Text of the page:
The Clippers are all over the SB Nation NBA page these days. Blake Griffin features prominently in Andrew Sharp's State of the NBA Union address. Tom Ziller dutifully reports on Eric Gordon's injury, which sadly followed closely on Mike Prada's exuberant piece on Gordon last week.
But the post that really caught my eye was Ziller's evisceration of Mac Engel's column in Wednesday's Fort Worth Star Telegram. There's been plenty of ludicrous speculation surrounding Griffin from journalists who'd prefer that Blake Superior play for their favorite teams. Most of them display a tenuous grasp of reality, and a near total lack of understanding of the NBA's Collective Bargaining Agreement (CBA). But as Ziller points out, Engel's ramblings have taken the surrealism to a new level.
Not only does Engel show a remarkable level of disengagement with the reality of NBA free agency, the rookie scale and cap rules, but the level of presumption and absurd canyon-leaping is, well, absurd.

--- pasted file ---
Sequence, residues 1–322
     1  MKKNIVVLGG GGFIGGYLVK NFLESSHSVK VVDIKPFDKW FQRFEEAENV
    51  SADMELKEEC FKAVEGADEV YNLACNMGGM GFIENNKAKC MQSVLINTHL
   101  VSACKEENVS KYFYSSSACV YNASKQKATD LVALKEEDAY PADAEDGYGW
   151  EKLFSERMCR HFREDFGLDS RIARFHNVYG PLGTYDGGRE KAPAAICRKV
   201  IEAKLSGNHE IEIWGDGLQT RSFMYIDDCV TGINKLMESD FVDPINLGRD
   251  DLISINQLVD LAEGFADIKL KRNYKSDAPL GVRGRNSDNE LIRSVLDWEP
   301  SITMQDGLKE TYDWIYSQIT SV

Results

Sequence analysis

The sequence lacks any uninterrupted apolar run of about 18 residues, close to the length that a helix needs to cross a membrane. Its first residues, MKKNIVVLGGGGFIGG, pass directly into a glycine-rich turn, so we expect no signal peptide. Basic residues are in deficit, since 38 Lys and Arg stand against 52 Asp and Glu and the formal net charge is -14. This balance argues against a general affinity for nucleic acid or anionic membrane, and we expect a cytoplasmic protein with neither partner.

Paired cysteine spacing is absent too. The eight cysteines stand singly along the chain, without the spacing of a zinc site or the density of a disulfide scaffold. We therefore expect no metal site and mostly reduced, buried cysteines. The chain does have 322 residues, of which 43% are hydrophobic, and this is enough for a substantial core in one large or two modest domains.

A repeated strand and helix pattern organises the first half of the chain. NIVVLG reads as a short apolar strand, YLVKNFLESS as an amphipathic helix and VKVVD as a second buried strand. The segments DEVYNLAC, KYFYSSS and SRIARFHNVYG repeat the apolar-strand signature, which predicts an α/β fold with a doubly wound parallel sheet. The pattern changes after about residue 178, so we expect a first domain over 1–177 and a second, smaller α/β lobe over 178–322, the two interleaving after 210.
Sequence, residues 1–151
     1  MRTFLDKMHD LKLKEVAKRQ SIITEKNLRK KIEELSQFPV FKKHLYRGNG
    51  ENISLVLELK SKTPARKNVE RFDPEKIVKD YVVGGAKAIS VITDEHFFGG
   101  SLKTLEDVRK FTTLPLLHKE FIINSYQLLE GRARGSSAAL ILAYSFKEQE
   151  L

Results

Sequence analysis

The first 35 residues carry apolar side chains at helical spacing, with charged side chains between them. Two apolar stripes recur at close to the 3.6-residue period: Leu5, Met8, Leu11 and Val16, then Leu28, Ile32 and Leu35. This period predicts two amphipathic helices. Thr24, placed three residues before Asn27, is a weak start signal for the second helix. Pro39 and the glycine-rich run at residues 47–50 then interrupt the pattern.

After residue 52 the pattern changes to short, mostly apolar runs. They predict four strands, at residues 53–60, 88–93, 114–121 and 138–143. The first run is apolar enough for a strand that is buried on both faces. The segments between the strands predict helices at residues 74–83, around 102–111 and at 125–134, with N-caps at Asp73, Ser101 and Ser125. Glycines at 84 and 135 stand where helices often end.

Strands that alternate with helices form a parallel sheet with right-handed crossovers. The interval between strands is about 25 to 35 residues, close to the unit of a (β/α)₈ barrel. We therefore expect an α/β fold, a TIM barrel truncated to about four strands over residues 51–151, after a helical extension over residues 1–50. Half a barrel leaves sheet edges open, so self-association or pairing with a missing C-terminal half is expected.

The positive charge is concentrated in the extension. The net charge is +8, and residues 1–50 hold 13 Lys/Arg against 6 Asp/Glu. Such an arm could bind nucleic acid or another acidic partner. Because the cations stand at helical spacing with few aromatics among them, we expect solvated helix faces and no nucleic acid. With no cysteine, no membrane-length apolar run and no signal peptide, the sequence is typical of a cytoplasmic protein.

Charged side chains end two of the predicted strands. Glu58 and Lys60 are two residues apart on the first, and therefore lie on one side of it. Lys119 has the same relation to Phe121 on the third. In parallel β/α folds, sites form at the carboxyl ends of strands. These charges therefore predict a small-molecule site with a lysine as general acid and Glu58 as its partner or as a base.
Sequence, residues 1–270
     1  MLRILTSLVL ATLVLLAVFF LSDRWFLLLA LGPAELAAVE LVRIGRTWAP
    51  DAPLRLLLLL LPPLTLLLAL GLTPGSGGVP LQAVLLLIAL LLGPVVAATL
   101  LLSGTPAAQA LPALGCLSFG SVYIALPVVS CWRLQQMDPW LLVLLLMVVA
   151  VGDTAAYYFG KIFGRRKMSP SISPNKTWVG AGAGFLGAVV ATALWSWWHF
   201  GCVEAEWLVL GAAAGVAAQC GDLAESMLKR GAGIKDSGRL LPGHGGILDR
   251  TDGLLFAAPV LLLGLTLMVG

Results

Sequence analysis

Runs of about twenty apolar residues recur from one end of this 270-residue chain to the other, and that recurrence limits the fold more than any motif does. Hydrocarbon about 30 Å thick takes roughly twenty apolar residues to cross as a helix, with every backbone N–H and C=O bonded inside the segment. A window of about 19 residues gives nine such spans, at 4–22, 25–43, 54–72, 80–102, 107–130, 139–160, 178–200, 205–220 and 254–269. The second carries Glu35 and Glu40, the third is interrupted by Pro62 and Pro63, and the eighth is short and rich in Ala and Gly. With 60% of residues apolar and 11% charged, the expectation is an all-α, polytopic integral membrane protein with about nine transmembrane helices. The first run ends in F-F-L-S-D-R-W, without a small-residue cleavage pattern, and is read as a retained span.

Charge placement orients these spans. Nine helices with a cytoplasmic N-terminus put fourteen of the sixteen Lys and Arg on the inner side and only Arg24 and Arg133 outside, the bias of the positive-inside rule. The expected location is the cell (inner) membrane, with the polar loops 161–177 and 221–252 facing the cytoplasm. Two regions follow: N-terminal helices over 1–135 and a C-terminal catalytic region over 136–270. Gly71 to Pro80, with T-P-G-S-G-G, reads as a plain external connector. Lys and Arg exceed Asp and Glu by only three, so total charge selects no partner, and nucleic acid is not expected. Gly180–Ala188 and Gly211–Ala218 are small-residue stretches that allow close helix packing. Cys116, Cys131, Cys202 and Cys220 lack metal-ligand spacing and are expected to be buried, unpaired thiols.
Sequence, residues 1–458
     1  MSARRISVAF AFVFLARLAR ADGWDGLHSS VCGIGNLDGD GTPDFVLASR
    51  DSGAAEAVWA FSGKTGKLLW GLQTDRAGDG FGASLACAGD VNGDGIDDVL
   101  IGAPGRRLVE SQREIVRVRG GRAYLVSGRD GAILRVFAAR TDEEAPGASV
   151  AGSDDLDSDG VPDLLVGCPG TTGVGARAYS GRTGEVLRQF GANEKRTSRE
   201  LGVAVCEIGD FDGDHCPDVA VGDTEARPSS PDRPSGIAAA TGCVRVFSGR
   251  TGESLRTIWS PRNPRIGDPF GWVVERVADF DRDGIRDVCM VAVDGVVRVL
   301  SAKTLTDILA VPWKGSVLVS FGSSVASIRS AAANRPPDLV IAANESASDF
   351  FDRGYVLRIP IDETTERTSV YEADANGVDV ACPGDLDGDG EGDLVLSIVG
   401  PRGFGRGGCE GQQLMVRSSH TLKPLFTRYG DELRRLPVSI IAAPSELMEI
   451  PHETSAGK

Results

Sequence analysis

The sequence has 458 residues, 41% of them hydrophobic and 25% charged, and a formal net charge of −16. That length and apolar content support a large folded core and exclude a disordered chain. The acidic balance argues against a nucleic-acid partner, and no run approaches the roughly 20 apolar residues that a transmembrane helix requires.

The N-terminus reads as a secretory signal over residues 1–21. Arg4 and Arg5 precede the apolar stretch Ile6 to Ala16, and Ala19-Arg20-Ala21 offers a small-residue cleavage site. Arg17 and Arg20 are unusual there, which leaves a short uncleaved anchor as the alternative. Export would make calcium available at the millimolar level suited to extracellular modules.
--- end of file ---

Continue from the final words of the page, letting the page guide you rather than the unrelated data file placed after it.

Well put, TZ.
A constant source of frustration for the citizens of Clips Nation flows from the basic premise that, because these are the Clippers we are talking about, anything and everything is fair game. Engel's conclusion sums the external view of Clipperdom up nicely:
If it were any other franchise, it would be implausible that the Mavs, or any other team, would be able to sign this type of talent as a free agent. But this is the Clippers, an organization with a history so unbelievable it would be rejected by science fiction.
Griffin will want out by the time he's a free agent. The Mavs need to have the cap space to sign him.